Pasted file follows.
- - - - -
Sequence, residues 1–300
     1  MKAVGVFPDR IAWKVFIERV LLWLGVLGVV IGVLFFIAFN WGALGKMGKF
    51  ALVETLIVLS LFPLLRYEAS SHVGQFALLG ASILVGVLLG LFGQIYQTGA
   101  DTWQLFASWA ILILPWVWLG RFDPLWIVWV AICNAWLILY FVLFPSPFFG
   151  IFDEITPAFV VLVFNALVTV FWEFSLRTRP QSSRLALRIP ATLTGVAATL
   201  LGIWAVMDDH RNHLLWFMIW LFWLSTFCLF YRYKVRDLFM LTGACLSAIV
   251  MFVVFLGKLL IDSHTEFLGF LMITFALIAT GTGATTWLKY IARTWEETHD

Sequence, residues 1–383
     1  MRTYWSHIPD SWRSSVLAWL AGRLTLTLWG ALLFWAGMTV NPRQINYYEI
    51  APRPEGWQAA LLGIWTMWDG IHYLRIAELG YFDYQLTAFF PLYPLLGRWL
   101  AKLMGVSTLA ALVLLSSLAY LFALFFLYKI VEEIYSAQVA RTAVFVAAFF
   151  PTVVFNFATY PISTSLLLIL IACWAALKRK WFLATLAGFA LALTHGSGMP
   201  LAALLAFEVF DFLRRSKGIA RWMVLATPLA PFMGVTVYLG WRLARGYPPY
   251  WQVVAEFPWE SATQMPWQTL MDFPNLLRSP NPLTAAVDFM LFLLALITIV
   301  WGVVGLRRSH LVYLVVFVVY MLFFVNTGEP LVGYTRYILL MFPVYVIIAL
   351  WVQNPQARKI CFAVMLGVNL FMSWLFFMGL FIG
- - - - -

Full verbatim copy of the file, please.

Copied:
Sequence, residues 1–300
     1  MKAVGVFPDR IAWKVFIERV LLWLGVLGVV IGVLFFIAFN WGALGKMGKF
    51  ALVETLIVLS LFPLLRYEAS SHVGQFALLG ASILVGVLLG LFGQIYQTGA
   101  DTWQLFASWA ILILPWVWLG RFDPLWIVWV AICNAWLILY FVLFPSPFFG
   151  IFDEITPAFV VLVFNALVTV FWEFSLRTRP QSSRLALRIP ATLTGVAATL
   201  LGIWAVMDDH RNHLLWFMIW LFWLSTFCLF YRYKVRDLFM LTGACLSAIV
   251  MFVVFLGKLL IDSHTEFLGF LMITFALIAT GTGATTWLKY IARTWEETHD

Sequence, residues 1–383
     1  MRTYWSHIPD SWRSSVLAWL AGRLTLTLWG ALLFWAGMTV NPRQINYYEI
    51  APRPEGWQAA LLGIWTMWDG IHYLRIAELG YFDYQLTAFF PLYPLLGRWL
   101  AKLMGVSTLA ALVLLSSLAY LFALFFLYKI VEEIYSAQVA RTAVFVAAFF
   151  PTVVFNFATY PISTSLLLIL IACWAALKRK WFLATLAGFA LALTHGSGMP
   201  LAALLAFEVF DFLRRSKGIA RWMVLATPLA PFMGVTVYLG WRLARGYPPY
   251  WQVVAEFPWE SATQMPWQTL MDFPNLLRSP NPLTAAVDFM LFLLALITIV
   301  WGVVGLRRSH LVYLVVFVVY MLFFVNTGEP LVGYTRYILL MFPVYVIIAL
   351  WVQNPQARKI CFAVMLGVNL FMSWLFFMGL FIG